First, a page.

That’s right, the Phoenix Mars lander may have uncovered what appears to be a layer of frozen water with its descent thrusters. The substance has not yet been analyzed, so saying anything for certain would be premature.
The discovery of ice would be exciting, but perhaps not too surprising, as ice is known to exist in large quantities on Mars. In fact, according to an article on the Jet Propulsion Laboratory’s website, the southern polar region contains enough water to cover the entire planet to a depth of 11 meters, if global warming becomes a problem there.
The discovery of ice within the reach of Phoenix, however, would be exciting, because water is considered by most scientists to be essential for the development of life, and certainly of life of our variety. Since part of the mission of the Phoenix is to search for organic molecules, and hence the building blocks of life, the discovery of water would be an encouraging first step.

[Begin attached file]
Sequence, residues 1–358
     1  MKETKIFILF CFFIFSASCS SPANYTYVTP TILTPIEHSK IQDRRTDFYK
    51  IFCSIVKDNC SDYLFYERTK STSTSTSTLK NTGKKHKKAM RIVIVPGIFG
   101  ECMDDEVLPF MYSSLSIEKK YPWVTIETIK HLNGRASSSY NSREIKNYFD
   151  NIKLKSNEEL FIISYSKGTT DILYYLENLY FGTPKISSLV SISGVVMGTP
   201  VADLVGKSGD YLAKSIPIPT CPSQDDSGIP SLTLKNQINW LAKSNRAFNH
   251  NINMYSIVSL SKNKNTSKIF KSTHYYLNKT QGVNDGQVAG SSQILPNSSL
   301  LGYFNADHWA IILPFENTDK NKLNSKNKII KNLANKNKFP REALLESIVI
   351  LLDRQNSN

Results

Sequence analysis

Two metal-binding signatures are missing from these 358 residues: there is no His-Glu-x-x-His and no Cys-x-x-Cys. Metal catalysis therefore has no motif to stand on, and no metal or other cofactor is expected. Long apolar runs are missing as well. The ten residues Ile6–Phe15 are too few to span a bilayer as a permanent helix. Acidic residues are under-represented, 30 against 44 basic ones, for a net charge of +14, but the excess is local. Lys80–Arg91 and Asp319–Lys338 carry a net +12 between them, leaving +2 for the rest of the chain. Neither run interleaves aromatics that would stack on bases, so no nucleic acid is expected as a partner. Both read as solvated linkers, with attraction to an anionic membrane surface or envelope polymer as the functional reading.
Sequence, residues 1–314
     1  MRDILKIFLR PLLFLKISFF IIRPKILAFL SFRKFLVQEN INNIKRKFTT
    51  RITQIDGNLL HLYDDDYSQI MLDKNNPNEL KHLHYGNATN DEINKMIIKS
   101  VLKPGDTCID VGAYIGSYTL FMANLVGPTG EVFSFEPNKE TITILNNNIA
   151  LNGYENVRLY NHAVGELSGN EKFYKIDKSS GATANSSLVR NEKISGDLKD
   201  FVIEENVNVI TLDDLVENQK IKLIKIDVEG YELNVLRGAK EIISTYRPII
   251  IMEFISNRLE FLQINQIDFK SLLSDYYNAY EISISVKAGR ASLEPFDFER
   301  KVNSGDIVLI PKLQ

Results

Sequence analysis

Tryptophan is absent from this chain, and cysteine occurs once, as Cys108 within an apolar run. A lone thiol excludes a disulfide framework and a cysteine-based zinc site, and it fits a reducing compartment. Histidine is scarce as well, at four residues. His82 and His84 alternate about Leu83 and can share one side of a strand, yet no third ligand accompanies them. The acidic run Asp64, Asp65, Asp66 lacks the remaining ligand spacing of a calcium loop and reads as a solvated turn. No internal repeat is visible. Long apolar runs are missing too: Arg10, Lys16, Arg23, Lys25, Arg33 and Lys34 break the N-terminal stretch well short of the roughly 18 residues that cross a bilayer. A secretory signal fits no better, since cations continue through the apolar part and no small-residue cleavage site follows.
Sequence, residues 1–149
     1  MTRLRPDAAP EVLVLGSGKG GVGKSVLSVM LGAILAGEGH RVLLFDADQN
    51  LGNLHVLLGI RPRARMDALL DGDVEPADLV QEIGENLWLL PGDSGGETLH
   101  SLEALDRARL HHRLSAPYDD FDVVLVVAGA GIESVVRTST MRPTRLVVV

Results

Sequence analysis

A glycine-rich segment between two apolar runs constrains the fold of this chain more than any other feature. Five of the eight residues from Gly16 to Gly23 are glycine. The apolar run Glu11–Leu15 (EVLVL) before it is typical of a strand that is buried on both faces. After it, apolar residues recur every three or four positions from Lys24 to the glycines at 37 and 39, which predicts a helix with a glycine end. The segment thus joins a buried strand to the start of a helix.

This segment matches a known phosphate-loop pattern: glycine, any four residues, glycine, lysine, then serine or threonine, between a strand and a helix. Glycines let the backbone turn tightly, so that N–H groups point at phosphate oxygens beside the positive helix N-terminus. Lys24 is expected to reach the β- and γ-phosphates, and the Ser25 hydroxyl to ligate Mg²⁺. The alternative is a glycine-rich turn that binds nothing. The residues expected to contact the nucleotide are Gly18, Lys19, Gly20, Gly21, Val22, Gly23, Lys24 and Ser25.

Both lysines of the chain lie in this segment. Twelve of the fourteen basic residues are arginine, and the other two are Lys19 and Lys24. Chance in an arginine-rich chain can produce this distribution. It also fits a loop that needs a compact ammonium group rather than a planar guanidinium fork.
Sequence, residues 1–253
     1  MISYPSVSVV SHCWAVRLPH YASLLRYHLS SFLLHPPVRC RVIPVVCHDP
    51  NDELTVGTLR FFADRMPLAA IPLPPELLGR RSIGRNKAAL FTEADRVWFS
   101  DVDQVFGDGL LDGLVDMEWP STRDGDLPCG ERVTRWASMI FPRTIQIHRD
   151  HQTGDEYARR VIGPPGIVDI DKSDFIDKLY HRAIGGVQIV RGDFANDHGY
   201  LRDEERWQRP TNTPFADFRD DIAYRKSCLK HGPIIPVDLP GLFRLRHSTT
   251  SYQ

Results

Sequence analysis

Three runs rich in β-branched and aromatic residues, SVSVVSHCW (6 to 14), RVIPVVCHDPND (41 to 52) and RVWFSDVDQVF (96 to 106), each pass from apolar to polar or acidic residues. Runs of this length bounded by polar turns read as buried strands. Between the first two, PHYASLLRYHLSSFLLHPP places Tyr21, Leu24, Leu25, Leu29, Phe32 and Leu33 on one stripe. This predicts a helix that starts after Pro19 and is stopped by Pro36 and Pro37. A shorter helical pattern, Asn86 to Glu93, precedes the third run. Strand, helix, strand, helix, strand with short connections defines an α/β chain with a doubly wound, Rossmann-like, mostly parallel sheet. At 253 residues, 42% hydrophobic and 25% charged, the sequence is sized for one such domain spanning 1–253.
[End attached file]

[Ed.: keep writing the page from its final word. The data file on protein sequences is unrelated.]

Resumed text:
As I see it, this find is exciting for another reason: many scientists believe that life could have originated in ice. This blog post is an excellent summary of the idea. Pockets of liquid water can persist within ice of incredibly low temperatures, and certain biologically important reactions appear to be facilitated by the cold, rather than hampered. If this idea proves out, the ice on Mars may be among the best places to search for signs of life.